The United Nations Development Programme has identified access to information as an essential element to support poverty eradication. People living in poverty are often unable to access information that is vital to their lives, such as information on their entitlements, public services, health, education or work opportunities. Timely access to information is essential to perform many economic, social and leisure activities. In today’s digital age, information is more and more often provided in digital form.
Research projects in Information Technology
Blockchain technology and its popular cryptocurrencies such as bitcoin and Ethereum have most revolutionary technological advances in recent history, capable of transforming businesses, government, and social interactions. However, there is a darker side to this technology which is the immense energy consumption and potential climate impact of the blockchain and cryptocurrencies.
Connected vehicles need to be aware of their surrounding environments. This is impossible without being dependent on many sensory inputs. Sensor data is continually collected and analysed, in real-time in order to perform time-critical and delay-sensitive actions. There are two major challenges 1) limited computational resources (processing power and memory) on cars, 2) transfer of large sensory data to the cloud may is not feasible.
Student satisfaction with feedback is consistently low in higher education, and there is a lack of understanding regarding how students interpret and interact with feedback. Learning analytics promises to enhance feedback practice by providing real-time data and insights into learning behaviour and outcomes, so as to inform educational interventions. However, the feedback loop remains open without an understanding of how students make use of the received feedback or the #sustainability of such feedback practice.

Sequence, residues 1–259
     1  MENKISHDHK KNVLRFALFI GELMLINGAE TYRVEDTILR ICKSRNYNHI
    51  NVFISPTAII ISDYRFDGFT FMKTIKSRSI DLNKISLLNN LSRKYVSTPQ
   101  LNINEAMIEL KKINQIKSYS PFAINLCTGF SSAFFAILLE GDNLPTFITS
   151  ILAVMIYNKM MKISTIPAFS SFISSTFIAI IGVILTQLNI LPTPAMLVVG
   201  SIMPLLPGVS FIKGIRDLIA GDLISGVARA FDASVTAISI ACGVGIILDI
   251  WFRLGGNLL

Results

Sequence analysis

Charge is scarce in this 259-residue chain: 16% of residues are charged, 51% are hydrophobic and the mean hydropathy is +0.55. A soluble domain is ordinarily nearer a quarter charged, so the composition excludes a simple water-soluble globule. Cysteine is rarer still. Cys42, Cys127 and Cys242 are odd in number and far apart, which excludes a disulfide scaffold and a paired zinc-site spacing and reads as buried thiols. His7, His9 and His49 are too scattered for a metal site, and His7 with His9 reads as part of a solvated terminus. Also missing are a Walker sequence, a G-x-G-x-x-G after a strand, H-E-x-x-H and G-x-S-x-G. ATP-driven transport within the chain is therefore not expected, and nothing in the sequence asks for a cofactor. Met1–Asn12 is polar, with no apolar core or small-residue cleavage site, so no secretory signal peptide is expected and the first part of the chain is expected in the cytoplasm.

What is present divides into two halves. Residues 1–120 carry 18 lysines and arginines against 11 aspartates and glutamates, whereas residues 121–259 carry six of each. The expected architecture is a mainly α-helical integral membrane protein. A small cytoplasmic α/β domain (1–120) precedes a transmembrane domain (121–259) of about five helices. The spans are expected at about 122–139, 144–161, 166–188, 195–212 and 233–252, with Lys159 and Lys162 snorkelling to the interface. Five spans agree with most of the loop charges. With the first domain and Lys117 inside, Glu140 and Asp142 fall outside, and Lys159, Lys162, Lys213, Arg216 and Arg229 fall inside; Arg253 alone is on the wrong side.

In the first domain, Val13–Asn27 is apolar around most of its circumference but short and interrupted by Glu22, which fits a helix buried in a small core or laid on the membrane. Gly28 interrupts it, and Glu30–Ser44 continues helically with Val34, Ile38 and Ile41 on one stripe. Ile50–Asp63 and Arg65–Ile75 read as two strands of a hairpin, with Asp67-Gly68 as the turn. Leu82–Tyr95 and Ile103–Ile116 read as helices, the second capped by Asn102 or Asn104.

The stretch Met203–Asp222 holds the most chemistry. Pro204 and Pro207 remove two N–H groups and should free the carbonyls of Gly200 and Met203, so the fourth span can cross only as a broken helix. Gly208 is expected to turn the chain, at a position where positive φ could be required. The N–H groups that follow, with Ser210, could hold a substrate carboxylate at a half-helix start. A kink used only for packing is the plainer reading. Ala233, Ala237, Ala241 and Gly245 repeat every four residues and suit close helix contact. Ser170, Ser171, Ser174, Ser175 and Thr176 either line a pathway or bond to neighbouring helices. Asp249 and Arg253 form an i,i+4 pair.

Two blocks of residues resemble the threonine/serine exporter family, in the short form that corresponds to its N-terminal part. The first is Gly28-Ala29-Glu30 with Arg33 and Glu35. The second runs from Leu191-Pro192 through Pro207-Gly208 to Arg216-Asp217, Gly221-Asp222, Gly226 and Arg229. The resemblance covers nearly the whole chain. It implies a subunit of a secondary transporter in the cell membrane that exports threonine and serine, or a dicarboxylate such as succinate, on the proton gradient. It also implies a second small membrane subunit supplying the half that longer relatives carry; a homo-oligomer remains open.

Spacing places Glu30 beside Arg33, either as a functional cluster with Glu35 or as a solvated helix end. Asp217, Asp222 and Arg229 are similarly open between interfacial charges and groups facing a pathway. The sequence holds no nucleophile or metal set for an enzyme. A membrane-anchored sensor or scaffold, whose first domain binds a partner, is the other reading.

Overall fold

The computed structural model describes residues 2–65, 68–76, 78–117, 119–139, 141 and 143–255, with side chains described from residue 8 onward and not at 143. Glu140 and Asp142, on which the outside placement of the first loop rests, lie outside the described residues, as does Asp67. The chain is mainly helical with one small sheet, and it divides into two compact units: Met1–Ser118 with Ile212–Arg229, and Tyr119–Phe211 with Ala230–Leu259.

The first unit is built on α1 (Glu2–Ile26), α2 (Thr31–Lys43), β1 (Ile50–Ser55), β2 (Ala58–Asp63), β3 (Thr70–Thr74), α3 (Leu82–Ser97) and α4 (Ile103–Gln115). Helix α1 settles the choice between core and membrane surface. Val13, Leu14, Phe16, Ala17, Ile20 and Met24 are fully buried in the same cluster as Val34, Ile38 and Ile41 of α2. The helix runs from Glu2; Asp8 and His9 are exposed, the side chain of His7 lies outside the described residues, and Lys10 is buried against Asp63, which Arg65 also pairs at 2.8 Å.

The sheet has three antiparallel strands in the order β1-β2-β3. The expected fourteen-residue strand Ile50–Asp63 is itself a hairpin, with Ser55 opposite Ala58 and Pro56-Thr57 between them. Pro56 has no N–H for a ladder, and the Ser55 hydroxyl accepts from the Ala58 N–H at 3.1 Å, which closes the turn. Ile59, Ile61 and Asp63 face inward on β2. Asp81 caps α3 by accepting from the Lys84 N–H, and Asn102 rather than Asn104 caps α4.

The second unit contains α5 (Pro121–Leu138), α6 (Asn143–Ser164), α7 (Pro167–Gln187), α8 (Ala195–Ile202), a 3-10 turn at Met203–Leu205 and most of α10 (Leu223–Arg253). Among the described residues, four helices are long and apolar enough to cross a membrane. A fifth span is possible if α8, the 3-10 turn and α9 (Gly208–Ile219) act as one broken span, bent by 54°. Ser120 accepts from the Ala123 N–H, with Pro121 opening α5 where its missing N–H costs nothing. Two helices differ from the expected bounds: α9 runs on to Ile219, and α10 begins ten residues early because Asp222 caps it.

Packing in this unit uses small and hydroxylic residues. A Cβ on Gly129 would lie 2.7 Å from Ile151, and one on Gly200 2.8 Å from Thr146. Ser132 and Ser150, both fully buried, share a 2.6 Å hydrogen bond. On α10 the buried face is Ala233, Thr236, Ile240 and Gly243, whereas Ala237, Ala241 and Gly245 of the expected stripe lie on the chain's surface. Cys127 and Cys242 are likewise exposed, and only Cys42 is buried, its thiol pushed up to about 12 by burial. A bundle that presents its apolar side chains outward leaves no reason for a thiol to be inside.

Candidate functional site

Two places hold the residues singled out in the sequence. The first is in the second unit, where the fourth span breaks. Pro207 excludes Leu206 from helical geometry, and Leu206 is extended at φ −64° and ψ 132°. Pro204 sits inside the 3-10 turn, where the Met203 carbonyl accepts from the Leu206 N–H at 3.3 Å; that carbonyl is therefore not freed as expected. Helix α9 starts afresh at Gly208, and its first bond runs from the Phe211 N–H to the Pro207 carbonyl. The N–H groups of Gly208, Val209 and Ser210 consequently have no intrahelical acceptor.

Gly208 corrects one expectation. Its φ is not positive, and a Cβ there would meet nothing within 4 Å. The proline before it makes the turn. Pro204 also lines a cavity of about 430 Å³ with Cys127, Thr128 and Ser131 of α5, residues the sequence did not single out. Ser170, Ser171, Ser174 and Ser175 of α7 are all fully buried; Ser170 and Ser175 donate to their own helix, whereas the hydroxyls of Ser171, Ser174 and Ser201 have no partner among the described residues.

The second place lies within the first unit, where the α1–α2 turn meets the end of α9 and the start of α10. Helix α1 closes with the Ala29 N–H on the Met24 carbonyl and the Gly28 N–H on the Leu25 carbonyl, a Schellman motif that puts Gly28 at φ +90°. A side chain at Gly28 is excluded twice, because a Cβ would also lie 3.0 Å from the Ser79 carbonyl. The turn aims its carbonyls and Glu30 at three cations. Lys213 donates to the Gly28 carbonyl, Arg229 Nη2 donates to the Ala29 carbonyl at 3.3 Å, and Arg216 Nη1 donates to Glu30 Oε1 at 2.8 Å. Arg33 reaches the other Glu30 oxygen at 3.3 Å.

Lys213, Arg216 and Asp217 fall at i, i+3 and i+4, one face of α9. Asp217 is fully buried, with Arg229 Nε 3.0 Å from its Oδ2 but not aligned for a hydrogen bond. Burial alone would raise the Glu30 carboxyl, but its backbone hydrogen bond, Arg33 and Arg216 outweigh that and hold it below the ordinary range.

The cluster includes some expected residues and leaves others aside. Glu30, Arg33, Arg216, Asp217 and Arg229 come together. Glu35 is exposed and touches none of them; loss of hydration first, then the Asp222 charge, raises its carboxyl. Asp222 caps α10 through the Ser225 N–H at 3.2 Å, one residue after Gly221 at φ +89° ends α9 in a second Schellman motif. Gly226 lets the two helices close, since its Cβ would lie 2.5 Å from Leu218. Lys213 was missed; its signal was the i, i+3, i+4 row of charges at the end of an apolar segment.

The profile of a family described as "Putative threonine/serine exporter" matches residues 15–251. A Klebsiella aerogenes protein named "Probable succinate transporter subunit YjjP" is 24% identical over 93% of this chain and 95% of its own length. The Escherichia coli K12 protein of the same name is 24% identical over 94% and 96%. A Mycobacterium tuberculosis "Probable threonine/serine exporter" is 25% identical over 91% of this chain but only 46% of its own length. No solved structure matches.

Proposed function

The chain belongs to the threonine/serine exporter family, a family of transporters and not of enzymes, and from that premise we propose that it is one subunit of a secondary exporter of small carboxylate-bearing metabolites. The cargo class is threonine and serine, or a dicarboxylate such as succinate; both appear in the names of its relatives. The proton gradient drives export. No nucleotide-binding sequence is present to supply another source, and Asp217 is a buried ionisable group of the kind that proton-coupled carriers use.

Species’ distributions are shifting in response to global climate change and other human pressures. Accurate methods to monitor and predict distribution shifts are urgently needed to manage threatened species and ecosystems, and to control invasive species and diseases. This requires a step-change in the data and methods used to monitor and predict organism behaviours and ultimately shifts in species' distributions.
Effective allocation of tasks is essential for any socially living group. This project investigates self-organised task allocation, ie groups in which tasks are not centrally assigned to individuals. In self-organised groups, individuals rather select their tasks autonomously based on their own choices and preferences. Under which conditions does this achieve the desired group outcomes?
In this project, we will use machine learning methods to diagnose the health status of bee colonies and individual bees.
Bee populations are threatened worldwide due to a number of factors, including parasites and virus infections, climate change, intensive farming, and other environmental stress factors. Australia, until recently, has been relatively protected from infections, but these are now increasingly taking place here as well.
"A picture is worth a thousands words"... or so the saying goes. How much information can we extract from an image of an insect on a flower? What species is the insect? What species is the flower? Where was the photograph taken? And at what time of the year? What time of the day? What was the weather like on the day the photograph was taken? This project aims to extract useful ecological and/or horticultural data from digital images by analysing their content.